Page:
Budgets for the two Ontario ministries charged with protecting the environment have been slashed so much the province is at a "tipping point," Environmental Commissioner Gord Miller warned Tuesday.
Too much recyclable material is still ending up in landfills, there's lots of talk but too little action to clean up the Great Lakes, and the government caves in to environmental critics who constantly demand more studies instead of action, Miller said in his annual report.
"Know this: there is a tipping point beyond which bad things happen if we're not watching, we're not measuring, we're not inspecting, we're not on top of," the commissioner said.
"I don't know where that tipping point is, but I have 35 years experience in environmental protection, and I'm nervous about our current situation."
The Environment Ministry has written four reports on ways to increase waste diversion, but still diverts only 23 per cent from landfills and has achieved little on what should be a top environmental priority, said Miller.
"We haven't approved a new landfill site in this province in quite a while and our landfills are filling up, we're getting challenged for capacity," he said.
"We're in a precarious position here in terms of trying to find areas to put our waste."
Most homeowners are doing a good job of recycling and separating their garbage, but far too much industrial waste still goes to landfills.
Miller suggested a landfill tax similar to one in Europe that he said resulted in 75 per cent of construction site materials being recycled instead of going to the dump, but Ontario politicians are staying clear of any new taxes.
Environment Minister Jim Bradley said the government would look at new regulations to try to force more companies to recycle.
"Obviously a determined effort has to be made to increase the diversion rates," said Bradley.
"There will be no tax on landfills. The government has said that there will be no new taxes."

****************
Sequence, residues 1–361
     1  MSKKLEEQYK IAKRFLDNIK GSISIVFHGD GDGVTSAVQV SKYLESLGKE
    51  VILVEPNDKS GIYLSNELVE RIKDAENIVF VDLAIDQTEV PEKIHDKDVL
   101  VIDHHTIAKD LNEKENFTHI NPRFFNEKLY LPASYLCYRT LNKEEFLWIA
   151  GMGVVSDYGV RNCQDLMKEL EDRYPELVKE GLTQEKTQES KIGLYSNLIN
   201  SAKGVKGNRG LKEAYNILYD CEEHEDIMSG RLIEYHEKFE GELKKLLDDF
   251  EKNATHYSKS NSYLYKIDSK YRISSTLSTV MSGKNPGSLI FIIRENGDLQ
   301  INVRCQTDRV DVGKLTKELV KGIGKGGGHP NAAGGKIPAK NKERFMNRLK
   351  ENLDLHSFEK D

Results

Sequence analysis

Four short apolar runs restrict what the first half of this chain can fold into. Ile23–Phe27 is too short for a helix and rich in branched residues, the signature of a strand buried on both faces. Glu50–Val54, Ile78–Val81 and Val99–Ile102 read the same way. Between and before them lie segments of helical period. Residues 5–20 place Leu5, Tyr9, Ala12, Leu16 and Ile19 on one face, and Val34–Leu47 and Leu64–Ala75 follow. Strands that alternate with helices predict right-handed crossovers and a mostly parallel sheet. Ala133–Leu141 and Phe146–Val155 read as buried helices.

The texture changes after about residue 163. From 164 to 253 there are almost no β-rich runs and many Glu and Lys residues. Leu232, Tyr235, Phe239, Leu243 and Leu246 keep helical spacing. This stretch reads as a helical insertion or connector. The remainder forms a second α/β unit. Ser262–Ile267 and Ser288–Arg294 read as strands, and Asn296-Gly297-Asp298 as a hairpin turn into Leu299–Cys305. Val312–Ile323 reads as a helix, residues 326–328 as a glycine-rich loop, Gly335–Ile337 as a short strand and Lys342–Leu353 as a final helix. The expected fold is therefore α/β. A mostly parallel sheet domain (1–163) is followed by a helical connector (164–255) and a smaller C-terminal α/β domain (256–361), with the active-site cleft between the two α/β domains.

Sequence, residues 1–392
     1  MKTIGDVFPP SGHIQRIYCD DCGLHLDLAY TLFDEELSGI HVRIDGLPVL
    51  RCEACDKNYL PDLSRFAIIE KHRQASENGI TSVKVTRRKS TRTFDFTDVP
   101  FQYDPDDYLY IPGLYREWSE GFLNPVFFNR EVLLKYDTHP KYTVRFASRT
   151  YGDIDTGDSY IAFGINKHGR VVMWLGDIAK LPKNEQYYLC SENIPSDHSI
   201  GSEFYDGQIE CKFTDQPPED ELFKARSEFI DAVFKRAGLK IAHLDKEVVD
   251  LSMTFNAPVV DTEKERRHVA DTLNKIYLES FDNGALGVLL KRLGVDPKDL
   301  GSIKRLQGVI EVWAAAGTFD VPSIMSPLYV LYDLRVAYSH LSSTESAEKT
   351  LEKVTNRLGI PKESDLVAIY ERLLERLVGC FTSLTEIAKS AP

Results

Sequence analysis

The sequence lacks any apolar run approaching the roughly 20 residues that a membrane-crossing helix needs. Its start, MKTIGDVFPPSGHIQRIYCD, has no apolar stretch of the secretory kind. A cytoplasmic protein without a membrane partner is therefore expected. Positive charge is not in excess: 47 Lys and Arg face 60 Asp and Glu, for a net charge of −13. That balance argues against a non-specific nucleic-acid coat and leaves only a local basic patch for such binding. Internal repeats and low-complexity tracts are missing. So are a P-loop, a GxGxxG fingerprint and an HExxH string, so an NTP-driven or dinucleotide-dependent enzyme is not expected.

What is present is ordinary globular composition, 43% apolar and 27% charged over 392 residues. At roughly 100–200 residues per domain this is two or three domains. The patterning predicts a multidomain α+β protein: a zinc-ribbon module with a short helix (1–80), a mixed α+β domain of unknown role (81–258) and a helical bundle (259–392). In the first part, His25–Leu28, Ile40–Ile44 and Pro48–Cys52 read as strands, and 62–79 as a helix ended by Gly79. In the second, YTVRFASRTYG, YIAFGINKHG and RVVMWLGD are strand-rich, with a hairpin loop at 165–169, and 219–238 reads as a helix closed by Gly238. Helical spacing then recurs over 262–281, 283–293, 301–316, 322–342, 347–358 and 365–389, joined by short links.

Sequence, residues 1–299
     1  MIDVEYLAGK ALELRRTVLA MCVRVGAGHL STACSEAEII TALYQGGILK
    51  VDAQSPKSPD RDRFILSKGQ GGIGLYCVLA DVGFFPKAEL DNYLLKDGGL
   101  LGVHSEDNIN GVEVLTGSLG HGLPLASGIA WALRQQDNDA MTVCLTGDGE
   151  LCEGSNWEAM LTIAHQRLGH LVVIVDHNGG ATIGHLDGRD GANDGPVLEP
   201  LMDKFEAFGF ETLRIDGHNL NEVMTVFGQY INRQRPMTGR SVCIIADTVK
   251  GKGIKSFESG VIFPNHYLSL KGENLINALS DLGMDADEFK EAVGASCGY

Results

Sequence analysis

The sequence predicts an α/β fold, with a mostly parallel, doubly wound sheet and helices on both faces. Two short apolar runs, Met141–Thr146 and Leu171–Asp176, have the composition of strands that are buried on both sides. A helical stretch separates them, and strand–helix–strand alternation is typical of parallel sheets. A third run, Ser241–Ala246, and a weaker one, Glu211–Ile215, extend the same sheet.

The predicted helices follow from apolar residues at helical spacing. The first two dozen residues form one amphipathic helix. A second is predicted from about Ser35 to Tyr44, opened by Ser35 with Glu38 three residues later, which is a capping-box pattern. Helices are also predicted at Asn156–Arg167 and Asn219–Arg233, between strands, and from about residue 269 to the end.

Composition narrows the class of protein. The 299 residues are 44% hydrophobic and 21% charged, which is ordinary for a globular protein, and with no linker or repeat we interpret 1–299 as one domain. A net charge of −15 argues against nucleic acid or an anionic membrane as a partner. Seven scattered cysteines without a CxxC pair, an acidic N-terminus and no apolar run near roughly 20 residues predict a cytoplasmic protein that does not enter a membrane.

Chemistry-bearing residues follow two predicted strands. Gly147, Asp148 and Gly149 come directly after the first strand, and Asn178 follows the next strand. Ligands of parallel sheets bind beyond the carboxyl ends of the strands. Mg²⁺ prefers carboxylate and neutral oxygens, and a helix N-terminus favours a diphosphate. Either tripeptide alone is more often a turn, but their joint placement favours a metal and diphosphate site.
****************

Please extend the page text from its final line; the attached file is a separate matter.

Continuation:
The Progressive Conservatives also oppose a new landfill tax, and even the New Democrats were reluctant to call for one, although they said it should be one of the options considered to increase diversion.
"It's not a matter of raising taxes, but when it comes to putting responsibility on producers for the waste that they're producing then certainly that's one of the solutions that has to be in the mix," said NDP Leader Andrea Horwath.
The government has warned ministries other than health and education will be in for possibly dramatic cuts in the new year as the Liberals struggle to eliminate a $16 billion deficit.
Capacities are already "stretched dangerously thin" at the Ministry of the Environment and the Ministry of Natural Resources, warned Miller.
"It troubles me that for every dollar spent on government operations, less than one penny goes to the ministries that bear the burden of protecting our environment and natural resources," he said.
The Tories said now is not the time to be increasing budgets at ministries other than health and education.
"We all support important public services and want to make sure the maximum number of dollars go to the front lines and not more bureaucracy, more spin doctors and paper pushers," said Opposition Leader Tim Hudak.
"But if we don't start making some tough decisions today, it's going to put the basics in jeopardy down the road."
Miller's annual report said the Ministry of Natural Resources' efforts to protect species at risk amount to "an empty bureaucratic exercise" that does little to help endangered animals.
He called on the government to halt the hunting of snapping turtles until the Ministry of Natural Resources can get a proper estimate of the population, saying allowing hunters to take two turtles a day could be decimating the species.
The report also takes the province and federal government to task for allowing negotiations to clean up the Great Lakes drag on to the point where they "threaten to paralyze" any more progress.
"We've walked away, we've waned. Our commitment has been well short of their contribution, $2.2 billion on the American side," said Miller.
"It's very embarrassing for us because we're not putting up anywhere near that kind of money."
Miller also said it was no accident that the Ontario government is doing so little on the environment, calling it the goal of those who oppose environmental protections.
"We don't see ourselves as having a culture of inaction and procrastination," said Miller.
"Yet that would be a fair criticism from any impartial observer."